What You Can Learn from 4 Swift Brand Building Ideas

LinkedIn’s Daily Rundown features Taylor Swift’s “battle over her master recordings as digital distribution makes it more desirable for artists to control their own material.”

According to the New York Times, “It all started on Sunday morning, when Mr. Braun’s company, Ithaca Holdings, announced that it had acquired the Big Machine Label Group, which Ms. Swift left in 2018 and with which she released her first six albums, for $300 million, according to The Wall Street Journal. In so doing, Mr. Braun became the owner of the masters to Ms. Swift’s catalog — everything leading up to the singles from her forthcoming album, “Lover.”

Swift responded on social media with, “This is my worst case scenario. This is what happens when you sign a deal at fifteen to someone for whom the term ‘loyalty’ is clearly just a contractual concept. And when that man says ‘Music has value’, he means its value is beholden to men who had no part in creating it.”

At this point, #WeStandWithTaylor is trending on every social media platform. I’m not certain how the situation will resolve itself, but like her music or not, you can’t argue that at 29 years old, Taylor Swift has had a huge impact on the music industry.

Here are a few stats on her results to date:

  • Ten-time GRAMMY winner
  • Youngest recipient in history of the GRAMMY Award for Album of the Year
  • Only artist in history to have an album hit the 1 million first-week sales figure four times (2010’s Speak Now, 2012’s RED, 2014’s 1989, and 2017’s Reputation)
  • Sold over 50 million albums and 150 million single downloads

She truly is a world-wide super star. Go to YouTube and search for a Swift video. You will quickly learn that her videos don’t have millions or tens of millions of views – they have hundreds of millions of views.

Her Blank Space video is closing in on 2.5 billion views. I’m talking 2,500,000,000. That’s a big number…

Whether you turn her songs off or up, I bet all of us can improve our brands by considering four things about her. Granted, Swift’s execution of these brand building strategies is being question by many – as I highlight in one example (below), people are challenging her motives – but the underlying value of each behavior is still worth reflection and consideration.

1. Remain Relatable

Taylor Swift’s songs often focus on her own mess ups. She sings about relationships gone bad and openly confesses to her mistakes. Her audiences feel connected to her; they relate to her. Like Swift, her fans have experienced heartbreaks; they’ve messed up. That connection keeps her relatable and causes fans to root for her.

That said, her relatability seems to be slipping with some as they question her motives. “She is fueled by the notion of being treated unfairly, being cast as the victim but with bombshells dropped and revelations made about her apparent complicity with Kanye West, her agreement about the content of his track Famous and her decision to release her entire back catalogue on Spotify the day that Katy Perry’s new album was launched, an unflattering light tarnished the star’s unblemished innocence.” (Irish Times)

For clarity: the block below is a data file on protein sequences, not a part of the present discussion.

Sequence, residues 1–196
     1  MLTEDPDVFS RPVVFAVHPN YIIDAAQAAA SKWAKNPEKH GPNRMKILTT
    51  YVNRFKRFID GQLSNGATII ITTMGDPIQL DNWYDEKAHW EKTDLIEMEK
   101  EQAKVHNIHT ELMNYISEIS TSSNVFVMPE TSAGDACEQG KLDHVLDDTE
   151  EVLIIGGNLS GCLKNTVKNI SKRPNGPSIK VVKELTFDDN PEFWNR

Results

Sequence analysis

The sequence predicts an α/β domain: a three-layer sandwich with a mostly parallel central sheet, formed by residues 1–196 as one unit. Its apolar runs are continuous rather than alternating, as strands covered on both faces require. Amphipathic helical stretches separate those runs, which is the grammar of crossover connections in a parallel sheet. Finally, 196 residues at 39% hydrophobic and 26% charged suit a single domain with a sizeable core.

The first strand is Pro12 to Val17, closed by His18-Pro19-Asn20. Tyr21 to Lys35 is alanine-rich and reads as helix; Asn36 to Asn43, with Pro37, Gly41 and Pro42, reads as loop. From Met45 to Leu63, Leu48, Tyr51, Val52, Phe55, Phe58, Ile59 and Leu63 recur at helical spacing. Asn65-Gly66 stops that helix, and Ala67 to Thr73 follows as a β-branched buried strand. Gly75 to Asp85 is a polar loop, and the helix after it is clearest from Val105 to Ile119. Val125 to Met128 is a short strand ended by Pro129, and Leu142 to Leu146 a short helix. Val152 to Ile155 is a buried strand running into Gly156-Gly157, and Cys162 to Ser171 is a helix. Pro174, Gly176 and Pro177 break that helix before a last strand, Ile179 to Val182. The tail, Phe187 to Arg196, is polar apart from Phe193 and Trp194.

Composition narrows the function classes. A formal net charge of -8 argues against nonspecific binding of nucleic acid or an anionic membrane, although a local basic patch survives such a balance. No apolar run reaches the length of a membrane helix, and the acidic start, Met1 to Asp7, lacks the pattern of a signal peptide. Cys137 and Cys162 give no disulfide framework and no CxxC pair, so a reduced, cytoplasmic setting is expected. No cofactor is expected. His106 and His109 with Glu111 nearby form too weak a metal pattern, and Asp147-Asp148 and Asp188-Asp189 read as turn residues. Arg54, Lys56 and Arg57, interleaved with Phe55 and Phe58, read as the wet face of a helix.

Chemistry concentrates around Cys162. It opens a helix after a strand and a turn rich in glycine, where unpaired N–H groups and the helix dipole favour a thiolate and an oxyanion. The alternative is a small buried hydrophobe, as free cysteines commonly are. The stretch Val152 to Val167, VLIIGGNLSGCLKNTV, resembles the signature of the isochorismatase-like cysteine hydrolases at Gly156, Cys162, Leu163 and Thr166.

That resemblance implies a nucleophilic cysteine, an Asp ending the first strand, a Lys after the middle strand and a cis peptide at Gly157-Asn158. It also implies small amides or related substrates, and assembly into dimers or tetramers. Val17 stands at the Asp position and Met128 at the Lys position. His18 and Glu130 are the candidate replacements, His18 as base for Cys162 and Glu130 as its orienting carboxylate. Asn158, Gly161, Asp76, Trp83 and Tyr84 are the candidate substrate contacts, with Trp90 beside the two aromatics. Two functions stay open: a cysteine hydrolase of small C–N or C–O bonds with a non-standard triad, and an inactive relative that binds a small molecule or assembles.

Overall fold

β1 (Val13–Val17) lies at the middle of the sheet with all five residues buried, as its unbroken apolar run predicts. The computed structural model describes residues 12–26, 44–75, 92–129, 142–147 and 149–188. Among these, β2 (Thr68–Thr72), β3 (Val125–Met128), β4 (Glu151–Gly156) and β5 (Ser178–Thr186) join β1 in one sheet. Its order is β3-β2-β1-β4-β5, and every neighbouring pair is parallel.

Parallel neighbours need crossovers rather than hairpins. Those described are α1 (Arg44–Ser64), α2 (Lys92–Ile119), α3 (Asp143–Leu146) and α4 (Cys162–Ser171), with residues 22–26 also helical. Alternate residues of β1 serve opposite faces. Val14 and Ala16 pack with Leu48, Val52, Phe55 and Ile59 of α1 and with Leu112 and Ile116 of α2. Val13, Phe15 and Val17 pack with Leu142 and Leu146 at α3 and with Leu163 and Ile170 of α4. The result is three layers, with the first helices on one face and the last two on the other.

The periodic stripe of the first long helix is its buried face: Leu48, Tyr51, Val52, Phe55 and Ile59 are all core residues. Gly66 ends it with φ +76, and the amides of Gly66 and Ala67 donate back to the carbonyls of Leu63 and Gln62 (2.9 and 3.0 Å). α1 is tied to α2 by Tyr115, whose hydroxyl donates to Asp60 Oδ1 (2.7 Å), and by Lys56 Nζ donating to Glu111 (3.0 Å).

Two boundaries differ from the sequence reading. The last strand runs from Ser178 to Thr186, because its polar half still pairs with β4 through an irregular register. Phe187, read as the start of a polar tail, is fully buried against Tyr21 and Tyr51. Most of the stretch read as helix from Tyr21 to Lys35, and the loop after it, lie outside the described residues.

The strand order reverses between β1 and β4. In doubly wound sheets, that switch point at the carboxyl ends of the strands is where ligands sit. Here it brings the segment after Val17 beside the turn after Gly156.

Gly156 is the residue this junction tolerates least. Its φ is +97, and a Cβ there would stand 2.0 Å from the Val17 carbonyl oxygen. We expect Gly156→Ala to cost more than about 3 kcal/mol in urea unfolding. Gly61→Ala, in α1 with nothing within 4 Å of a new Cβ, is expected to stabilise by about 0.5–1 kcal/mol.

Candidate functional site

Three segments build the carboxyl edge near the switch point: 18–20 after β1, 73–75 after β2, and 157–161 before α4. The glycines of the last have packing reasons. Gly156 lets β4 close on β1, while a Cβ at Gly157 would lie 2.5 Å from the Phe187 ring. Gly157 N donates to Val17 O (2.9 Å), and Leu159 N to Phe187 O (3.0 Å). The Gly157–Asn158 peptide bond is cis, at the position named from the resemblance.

Think about yourself…

  • Are you willing to put yourself out there?
  • Do your customers feel like they have something in common with you and your company?
  • Do people root for you to win?

2. Create Stickiness

Her music is incredibly sticky. I bet that you have had songs like Shake it Up or You Belong to Me stuck in your brains. (Heck, my mentioning it might have caused one of these songs to pop into your head right now.)

Think about yourself…

  • Do you stick in other’s minds for the results you deliver, how you perform, or the attitude you bring to your work?
  • If you are sticky, is it for reasons that support the brand you are hoping to achieve or for those that erode it?
  • What should you do today to make yourself more positively sticky?

3. Go With What You Know

Swift pens music that reflects her personal experiences. Some may criticize her for singing about teenage and young adult relationships, but that’s what she knows. She understands that her success is built on sharing her personal experiences and uses what she knows to connect to her fans.

Think about yourself…

  • Have you invested the time and energy to truly learn something of value?
  • What are you known for knowing?
  • What challenges do others face that prompt them to call on you for help?

4. Broaden Your Appeal

While she sticks with what she knows, she has simultaneously managed to open the aperture on her career. She was on top of the country music world and crossed over to pop music. She’s since moved from Nashville to New York, while maintaining much of what made her appealing. This type of cross-over is no easy feat.

Think about yourself…

  • Are you stuck in a rut or do you look for ways to add value in other areas?
  • Do people see you as a ‘one trick pony’ or a versatile player who is valuable in a variety of situations?
  • What could you learn, try, or communicate to broaden your appeal to others?

Photo by Raphael Lovaski on Unsplash